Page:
When you send bitcoins someone else, your wallet will create a new transaction that unlocks an amount of bitcoin you've received using the corresponding private key, and locks up an amount of bitcoin to someone else's address.

Diagram showing a wallet creating a transaction and sending it in to the network when you make a payment.

So in summary, a wallet does three main things:

  1. Manages the addresses required for receiving bitcoins.
  2. Manages the corresponding private keys for sending bitcoins.
  3. Creates transactions and sends them in to the network.


What are the different types of wallet?

There are two main types of wallet:

1. Software Wallet

aka Hot Wallet

Diagram showing a software wallet on a computer with a direct connection to the Internet.

A software wallet is a wallet that you download and run on your desktop or mobile. These wallets are connected to the Internet and allow you to quickly and easily send and receive bitcoins.

The downside however is that they are connected to the Internet. Therefore, software wallets are at risk from malware and viruses.

They're perfectly fine to use if you're competent with computer security and don't make a habit of downloading dangerous software from unreliable sources. But naturally, the risk is always there.

2. Hardware Wallet

aka Cold Wallet

Diagram showing a hardware wallet not having a direct connection to the Internet.

A hardware wallet is a device used solely for storing bitcoin.

These devices are not connected to the Internet, which means they're protected from the attacks that software wallets are vulnerable to.

A hardware wallet stores all of your private keys on the device. So when you connect the hardware wallet to a computer to make a transaction, all of the signing takes place on the device and your private keys are never exposed to the Internet.

Hardware wallets cost money to buy and add another step compared to the convenience software wallets, but if you've got a significant amount of bitcoin that you want to protect, you should strongly consider getting yourself a hardware wallet.

A hardware wallet is the first step you should take to improve the security of your bitcoins.

A hardware wallet is like setting up a software wallet on a separate laptop that doesn't have an Internet connection. This is what we used to do in the old days before hardware wallets became a thing. It's just that getting a hardware wallet is cheaper and more convenient than getting a secondary laptop.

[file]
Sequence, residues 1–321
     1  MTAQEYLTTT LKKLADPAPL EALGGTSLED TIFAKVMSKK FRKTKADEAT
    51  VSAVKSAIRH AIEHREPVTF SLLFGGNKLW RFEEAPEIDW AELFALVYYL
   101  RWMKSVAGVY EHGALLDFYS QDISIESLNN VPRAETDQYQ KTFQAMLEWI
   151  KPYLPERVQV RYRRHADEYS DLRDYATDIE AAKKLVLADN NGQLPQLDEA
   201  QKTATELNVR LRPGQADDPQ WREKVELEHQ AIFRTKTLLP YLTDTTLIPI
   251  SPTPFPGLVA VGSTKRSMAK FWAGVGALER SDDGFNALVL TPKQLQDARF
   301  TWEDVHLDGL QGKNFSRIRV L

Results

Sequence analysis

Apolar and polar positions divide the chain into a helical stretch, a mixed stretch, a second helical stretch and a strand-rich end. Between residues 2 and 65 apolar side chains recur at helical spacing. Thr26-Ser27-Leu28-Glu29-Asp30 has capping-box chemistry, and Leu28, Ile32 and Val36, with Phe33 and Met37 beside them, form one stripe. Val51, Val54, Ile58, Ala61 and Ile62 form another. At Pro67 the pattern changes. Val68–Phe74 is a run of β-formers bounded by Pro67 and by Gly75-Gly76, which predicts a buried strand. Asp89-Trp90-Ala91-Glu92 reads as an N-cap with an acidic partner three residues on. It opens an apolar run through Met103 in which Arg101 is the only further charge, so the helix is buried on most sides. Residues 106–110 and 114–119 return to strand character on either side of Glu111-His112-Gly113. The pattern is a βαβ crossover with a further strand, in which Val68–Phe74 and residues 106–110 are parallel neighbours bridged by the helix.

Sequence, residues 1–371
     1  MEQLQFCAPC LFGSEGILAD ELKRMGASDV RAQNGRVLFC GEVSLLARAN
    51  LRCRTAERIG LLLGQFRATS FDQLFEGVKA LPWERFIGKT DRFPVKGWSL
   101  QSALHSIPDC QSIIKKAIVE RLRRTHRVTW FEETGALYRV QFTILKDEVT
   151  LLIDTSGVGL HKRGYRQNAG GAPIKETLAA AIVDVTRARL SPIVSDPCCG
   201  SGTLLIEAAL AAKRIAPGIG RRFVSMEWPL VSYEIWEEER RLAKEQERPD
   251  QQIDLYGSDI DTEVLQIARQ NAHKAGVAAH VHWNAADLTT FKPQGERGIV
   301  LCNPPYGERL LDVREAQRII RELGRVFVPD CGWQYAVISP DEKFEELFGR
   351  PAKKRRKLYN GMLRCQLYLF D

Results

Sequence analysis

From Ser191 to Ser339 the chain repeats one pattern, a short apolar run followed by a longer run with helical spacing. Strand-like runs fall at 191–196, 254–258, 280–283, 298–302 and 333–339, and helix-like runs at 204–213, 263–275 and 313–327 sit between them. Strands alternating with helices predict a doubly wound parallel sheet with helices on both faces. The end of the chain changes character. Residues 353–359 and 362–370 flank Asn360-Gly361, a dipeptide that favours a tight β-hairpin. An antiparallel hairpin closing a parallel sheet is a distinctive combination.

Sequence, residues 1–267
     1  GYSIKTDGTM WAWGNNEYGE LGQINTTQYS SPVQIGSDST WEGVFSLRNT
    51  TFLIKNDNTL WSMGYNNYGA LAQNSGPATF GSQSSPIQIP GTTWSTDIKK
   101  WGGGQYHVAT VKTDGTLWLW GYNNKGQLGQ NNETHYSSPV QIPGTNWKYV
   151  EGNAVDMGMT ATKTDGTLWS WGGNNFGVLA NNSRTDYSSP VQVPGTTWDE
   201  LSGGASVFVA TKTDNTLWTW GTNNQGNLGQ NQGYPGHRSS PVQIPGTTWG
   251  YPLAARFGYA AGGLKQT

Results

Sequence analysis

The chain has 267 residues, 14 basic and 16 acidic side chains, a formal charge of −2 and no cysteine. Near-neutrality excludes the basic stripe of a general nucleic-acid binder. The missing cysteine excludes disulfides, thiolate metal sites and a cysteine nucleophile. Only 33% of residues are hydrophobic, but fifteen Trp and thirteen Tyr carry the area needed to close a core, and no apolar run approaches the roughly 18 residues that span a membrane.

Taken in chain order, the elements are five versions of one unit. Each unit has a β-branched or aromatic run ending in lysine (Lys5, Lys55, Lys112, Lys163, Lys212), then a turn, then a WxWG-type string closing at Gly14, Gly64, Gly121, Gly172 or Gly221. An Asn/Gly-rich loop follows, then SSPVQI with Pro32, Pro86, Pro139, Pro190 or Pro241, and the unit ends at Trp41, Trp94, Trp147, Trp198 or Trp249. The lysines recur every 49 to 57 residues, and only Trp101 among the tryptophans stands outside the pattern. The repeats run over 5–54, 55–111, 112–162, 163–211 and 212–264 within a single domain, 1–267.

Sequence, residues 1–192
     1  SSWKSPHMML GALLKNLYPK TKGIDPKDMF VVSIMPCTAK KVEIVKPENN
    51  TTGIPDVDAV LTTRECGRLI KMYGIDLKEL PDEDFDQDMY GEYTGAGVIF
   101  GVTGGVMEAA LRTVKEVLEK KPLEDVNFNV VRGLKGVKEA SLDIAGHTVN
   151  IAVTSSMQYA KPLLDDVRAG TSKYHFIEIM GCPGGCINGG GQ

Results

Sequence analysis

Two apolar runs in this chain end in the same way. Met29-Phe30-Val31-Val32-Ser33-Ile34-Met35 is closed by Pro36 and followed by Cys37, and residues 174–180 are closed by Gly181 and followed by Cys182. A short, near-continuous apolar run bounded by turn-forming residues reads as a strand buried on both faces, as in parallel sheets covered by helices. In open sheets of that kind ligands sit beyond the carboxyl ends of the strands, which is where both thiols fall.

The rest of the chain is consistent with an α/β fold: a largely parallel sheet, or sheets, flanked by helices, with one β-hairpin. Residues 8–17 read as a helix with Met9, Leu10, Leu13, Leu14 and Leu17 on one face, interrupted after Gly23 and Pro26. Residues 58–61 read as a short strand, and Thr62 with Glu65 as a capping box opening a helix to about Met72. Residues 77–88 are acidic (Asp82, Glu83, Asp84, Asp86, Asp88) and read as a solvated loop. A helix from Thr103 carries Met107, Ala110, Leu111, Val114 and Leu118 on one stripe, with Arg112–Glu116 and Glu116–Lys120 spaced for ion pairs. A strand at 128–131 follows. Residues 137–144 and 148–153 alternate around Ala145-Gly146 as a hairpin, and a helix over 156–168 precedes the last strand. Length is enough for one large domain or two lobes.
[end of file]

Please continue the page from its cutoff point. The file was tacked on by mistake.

What about Bitcoin Core?

Bitcoin Core is an excellent option for use as a bitcoin wallet.

If anything, it's the ultimate option for using Bitcoin, because it allows you to verify every single payment you receive without having to trust any other node on the network (because you are one).

The downside is that you have to download the entire blockchain before you can get started, which slows down the initial setup process. But if you've got the computer hardware and time to set it up, it's a perfectly good option for a bitcoin wallet.

However, it's just much quicker and easier to download a simple software wallet instead, which is what most people do for sending and receiving bitcoin (including me). These wallets connect to nodes on the network to get information about transactions, which saves you having to download and store the entire blockchain yourself.

Diagram showing a software wallet sending information to a Bitcoin Core node.

But there's nothing wrong with using Bitcoin Core if you prefer.

For increased privacy, you can always connect a software wallet directly to your own Bitcoin Core node.

Do you need a wallet?

Using a bitcoin wallet gives you control over your bitcoins.

If you keep your bitcoins on an exchange, they have control over your bitcoins instead. They can determine how much you can withdraw, and where you can send your bitcoins. Worse still, if the exchange disappears, then so do your bitcoins.

Diagram highlighting the difference between holding bitcoins in an exchange vs your own wallet.

There's a popular saying in Bitcoin:

Not your keys, not your coins.

By withdrawing to your own wallet, you're taking custody of your bitcoins. This gives you the freedom to do what you want with your coins, and nobody can decide to take them away from you.

But this also means you're responsible for your own security.

If you trust an exchange more than your own ability to use a wallet, then there's nothing wrong with leaving bitcoins on the exchange. This might sound like sacrilege, but if it feels less risky for you to keep your bitcoins on an exchange, then I would be a fool to try and convince you otherwise.

Of course, I'm a big fan of the freedom that Bitcoin offers, and I would encourage anyone to use a wallet to manage their bitcoins if they can. But at the end of the day, you've got to do what's right for you.

Just be aware that keeping your coins on an exchange comes with its own set of risks.

I would recommend to at least try withdrawing a small amount to a wallet to see how it feels. Experience is a great teacher.

What next?

Once you've got your bitcoin wallet set up, you're all set to buy your first bitcoins.